- The refrigerant comes into the compressor as a low-pressure gas, it is compressed and then moves out of the compressor as a high-pressure gas.
- The gas then flows to the condenser. Here the gas condenses to a liquid, and gives off its heat to the outside air.
- The liquid then moves to the expansion valve under high pressure. This valve restricts the flow of the fluid, and lowers its pressure as it leaves the expansion valve.
- The low-pressure liquid then moves to the evaporator, where heat from the inside air is absorbed and changes it from a liquid to a gas.
- As a hot low-pressure gas, the refrigerant moves to the compressor where the entire cycle is repeated.
A microcontroller can sample each ambient air temperature and adjust accordingly the speed of the compressor. The alternating current is used to drive an induction motor since the speed of an induction motor is proportional to the frequency of the AC, the compressor can now run at different speeds with the use of VFD.
The inverter air conditioning units have increased efficiency in contraction to traditional air conditioners, extended life of their parts and the sharp fluctuations in the load are eliminated. This makes the Inverter AC units quieter, with lower operating cost and with less broke downs. The Inverter AC units might be more expensive than the constant speed air conditioners, but this is balanced by lower energy bills. The payback time is approximately two years depending on the usage. The additional electronics and system hardware adds cost to the equipment installation but can result in substantial savings in operating costs. Eliminating stop-start cycles increases efficiency.
Generally, VFDs allow you to match the speed of the motor-driven equipment to the load requirement. Electric motor systems are responsible for more than 65% of the power consumption in industry today. Optimizing motor control systems by installing or upgrading to VFDs can reduce energy consumption in your facility by as much as 70%. Additionally, the utilization of VFDs improves product quality, and reduces production costs. Combining energy efficiency tax incentives, and utility rebates, returns on investment for VFD installations can be as little as 6 months.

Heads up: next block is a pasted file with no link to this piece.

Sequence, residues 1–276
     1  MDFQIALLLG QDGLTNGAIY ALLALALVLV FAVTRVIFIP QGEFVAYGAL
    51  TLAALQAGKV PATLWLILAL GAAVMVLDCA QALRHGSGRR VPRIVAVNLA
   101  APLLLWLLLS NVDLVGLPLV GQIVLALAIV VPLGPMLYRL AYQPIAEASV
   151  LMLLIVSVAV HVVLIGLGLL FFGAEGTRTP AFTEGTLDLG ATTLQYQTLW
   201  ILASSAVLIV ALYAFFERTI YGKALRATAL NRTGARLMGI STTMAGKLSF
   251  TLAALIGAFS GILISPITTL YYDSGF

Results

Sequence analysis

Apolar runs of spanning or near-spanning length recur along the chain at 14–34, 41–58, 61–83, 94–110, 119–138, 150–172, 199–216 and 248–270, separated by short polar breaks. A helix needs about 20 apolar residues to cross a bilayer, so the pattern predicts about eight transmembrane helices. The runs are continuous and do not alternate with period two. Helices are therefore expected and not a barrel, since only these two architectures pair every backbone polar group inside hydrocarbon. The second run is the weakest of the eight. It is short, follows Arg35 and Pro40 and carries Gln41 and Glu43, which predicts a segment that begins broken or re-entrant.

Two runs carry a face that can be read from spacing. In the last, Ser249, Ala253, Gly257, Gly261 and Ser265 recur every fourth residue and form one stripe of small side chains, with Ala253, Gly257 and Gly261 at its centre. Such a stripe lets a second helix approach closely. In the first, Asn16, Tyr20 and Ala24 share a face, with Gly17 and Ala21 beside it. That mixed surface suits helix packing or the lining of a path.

By operating at varying speeds, VRF units work only at the needed rate allowing for substantial energy savings at partial-load conditions. Heat recovery VRF technology allows individual indoor units to heat or cool as required, while the compressor load benefits from the internal heat recovery. Energy savings of up to 55% are predicted over comparable unitary equipment. This also results in greater control of the building’s interior temperature by the building’s occupants.
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The fixed speed compressor in a standard air conditioner runs at 100% capacity when it is started, but an inverter unit starts at a low level and then progressively enhances its capacity, depending on the requirement to heat up the room or cool it down. DC inverter air conditioners make use of a variable frequency drive to regulate the motor’s speed, thereby controlling the speed of compressor too. Frequency acts as the the input variable to control the compressor speed. The current ambient air temperature is sampled by using a microcontroller and the compressor’s speed is adjusted appropriately.
Rectification is the conversion of alternating current (AC) to direct current (DC)
Pulse Width Modulation is a technique to control power applications, since analog systems such as linear power supplies undergo large heat dissipation (Energy Loss) and digital signals represented in case of PWM are fairly easy to convert back to analog with a minimum of hardware.
Variable Frequency Drive includes a rectifier that converts the incoming Alternating Current (AC) to Direct Current (DC). It then utilizes Pulse Width Modulation (PWM) of the DC in the inverter to generate AC of desired frequency.
Capacity modulation is a way to match cooling capacity to cooling demand to application requirements.